And Imaginationland is chock full of them. From the government’s over the top reaction to the terrorist attack, to the conspiratorial plan that is supposed to save the day (even if underlings can’t stop giving away its secrets), we see a sensational slam on current US policy throughout. Everything in 2007/2008 is about reaction and armed response. Military lingo and rules of engagement dictate all of our diplomatic positions. When former Vice President Al Gore’s worst nightmare shows up, the baffled generals can only fall back on the atomic remedy. It’s a classic send-up, showing how out of touch with the rest of the world America really is. Even in a fictional domain, it can do little except pick a fight and bring in the big guns. Avoiding the heavy handed approach that most of their contemporaries take, Parker and Stone continue to be some of the best political satirists working today.


But that doesn’t mean Imaginationland lacks the requisite amount of animated awe. The battle scenes between the good and bad characters are excellent, especially when unexpected icons from the past (the Hawaiian Punch pitchman, He Man’s floating wizard buddy Orko) show up to tussle. Blood and cartoon body parts fly! This is the kind of experience one can revisit again and again, seeing something new in each and every viewing. Even better, the provided commentary traces the show’s origins, answers questions about its structure, and suggests that Parker and Stone are equally adept at producing great work both under intense deadlines and when they have plenty of time on their hands. Paramount even tosses in a couple of complementary episodes (“Manbearpig” and “Woodland Critter Christmas”) to make the presentation complete.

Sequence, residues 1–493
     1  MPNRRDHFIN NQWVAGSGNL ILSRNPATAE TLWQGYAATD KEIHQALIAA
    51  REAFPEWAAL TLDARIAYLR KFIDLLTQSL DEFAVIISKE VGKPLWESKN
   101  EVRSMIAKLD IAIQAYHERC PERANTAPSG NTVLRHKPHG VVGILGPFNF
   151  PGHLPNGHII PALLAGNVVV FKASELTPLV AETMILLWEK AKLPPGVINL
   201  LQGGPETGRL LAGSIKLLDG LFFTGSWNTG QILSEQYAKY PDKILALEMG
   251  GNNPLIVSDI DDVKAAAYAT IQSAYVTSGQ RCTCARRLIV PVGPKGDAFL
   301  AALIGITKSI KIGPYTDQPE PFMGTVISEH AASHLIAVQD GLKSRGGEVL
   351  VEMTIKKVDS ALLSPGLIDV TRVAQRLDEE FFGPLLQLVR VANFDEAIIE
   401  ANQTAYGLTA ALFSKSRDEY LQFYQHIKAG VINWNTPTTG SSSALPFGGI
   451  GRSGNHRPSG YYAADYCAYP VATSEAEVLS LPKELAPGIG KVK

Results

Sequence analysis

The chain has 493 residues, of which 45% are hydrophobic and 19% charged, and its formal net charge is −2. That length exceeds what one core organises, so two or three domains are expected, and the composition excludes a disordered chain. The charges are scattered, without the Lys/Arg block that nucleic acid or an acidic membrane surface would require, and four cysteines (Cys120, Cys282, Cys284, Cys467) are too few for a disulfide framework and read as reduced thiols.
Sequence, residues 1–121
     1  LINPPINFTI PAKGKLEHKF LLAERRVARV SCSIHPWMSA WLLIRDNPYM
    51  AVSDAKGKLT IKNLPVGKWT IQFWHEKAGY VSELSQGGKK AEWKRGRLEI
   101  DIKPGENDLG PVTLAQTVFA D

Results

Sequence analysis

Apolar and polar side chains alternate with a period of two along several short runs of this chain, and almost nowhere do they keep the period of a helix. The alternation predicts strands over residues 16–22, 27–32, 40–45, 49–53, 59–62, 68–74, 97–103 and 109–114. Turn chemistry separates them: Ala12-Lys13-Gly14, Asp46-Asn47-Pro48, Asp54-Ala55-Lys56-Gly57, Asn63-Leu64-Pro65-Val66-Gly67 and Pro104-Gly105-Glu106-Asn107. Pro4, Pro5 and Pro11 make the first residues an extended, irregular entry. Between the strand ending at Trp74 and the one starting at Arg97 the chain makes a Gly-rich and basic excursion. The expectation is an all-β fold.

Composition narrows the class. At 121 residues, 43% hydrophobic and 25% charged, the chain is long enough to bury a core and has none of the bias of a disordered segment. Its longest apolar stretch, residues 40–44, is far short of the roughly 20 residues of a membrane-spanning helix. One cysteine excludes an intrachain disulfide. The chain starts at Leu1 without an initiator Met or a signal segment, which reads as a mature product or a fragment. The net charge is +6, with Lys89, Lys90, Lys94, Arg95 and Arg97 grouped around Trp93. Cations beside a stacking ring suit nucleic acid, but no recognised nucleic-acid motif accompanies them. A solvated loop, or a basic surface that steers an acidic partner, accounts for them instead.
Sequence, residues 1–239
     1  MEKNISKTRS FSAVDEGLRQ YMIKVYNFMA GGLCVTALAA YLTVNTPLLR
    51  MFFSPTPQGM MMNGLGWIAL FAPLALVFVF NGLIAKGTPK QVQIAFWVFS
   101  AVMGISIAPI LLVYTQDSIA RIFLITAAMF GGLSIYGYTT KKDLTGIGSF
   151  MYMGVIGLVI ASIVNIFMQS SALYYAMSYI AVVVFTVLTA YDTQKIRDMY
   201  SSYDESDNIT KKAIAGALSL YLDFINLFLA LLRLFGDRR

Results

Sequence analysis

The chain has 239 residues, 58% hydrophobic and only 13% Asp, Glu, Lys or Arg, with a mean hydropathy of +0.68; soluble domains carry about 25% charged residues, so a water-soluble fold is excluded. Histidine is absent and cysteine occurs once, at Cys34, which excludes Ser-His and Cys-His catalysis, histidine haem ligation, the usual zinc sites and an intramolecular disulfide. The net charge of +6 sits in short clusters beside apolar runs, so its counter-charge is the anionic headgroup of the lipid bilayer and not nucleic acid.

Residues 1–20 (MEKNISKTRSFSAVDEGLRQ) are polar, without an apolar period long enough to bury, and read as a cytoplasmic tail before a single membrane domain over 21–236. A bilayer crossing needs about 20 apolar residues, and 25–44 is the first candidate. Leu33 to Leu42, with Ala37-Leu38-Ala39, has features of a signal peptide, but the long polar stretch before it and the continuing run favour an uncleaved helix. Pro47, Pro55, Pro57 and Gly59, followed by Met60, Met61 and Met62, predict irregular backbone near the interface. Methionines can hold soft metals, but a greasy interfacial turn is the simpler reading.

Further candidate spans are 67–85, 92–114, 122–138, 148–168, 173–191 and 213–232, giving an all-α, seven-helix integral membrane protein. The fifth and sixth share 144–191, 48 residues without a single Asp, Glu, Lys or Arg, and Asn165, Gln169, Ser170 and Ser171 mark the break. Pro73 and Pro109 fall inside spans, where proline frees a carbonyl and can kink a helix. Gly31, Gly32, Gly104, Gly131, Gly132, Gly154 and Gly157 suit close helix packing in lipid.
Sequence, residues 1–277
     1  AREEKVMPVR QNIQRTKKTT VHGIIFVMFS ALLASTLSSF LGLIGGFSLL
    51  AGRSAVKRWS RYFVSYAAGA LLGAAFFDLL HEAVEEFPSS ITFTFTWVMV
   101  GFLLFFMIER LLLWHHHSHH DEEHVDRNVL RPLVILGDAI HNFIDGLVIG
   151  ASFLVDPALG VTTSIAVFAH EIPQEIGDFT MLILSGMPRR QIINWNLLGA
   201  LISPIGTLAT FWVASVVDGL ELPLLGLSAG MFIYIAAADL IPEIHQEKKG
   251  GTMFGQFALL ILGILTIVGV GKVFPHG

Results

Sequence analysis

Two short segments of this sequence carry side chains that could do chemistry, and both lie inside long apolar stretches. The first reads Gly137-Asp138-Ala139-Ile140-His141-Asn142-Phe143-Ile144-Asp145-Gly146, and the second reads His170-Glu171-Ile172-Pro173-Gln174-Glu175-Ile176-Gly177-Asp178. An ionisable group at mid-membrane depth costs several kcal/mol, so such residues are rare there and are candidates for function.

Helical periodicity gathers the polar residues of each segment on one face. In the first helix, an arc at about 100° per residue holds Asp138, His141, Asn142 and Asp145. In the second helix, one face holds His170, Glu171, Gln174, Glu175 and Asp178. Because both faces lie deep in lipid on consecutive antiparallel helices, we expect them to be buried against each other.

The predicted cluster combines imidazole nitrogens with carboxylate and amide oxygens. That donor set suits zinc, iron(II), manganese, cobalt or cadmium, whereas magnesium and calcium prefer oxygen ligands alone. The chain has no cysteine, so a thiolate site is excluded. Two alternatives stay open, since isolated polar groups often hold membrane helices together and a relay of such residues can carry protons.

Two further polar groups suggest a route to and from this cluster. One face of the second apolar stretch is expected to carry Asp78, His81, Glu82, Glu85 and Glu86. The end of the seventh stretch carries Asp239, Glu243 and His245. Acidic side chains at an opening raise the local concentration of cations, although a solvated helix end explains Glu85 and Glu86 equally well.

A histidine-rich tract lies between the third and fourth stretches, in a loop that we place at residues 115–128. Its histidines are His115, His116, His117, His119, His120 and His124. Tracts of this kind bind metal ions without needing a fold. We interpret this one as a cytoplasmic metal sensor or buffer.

With Season 12 just underway, and the series signed up through 2011, here’s hoping our duo has more amazing installments like Imaginationland up their sleeves. As they’ve said in the past, they love to play with the show’s format, finding equal time to let their characters be kids while tackling the major issues of the day. As a pristine example of this mindset, the three part extravaganza stands as one of South Park‘s best. For something that no one thought would or could last this long, Trey Parker and Matt Stone are proving that, just like a certain yellow skinned family from Springfield, the boys of a certain backwater Colorado town could be around for a very, very long time.


 


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Sunday, Mar 16, 2008


It’s said that confession is good for the soul. Of course, this assumes one has a conscience worth redeeming. It’s clear that not everyone would benefit from such acknowledgments or affirmations. To do so would reveal their own inner weakness and sense of corrupt complicity. Such an individual is Briony Tallis. For almost 80 years, she has hid the secret of her atrocious actions, of a decent man wrongly accused, a heartsick girl horribly hurt, and a love unable to fully flower. She’s finally decided to write about it - her last novel. She calls it Atonement, for that’s what it’s meant to do. But even in the act of contrition, she can’t allow the truth to dampen the forced fanciful mood.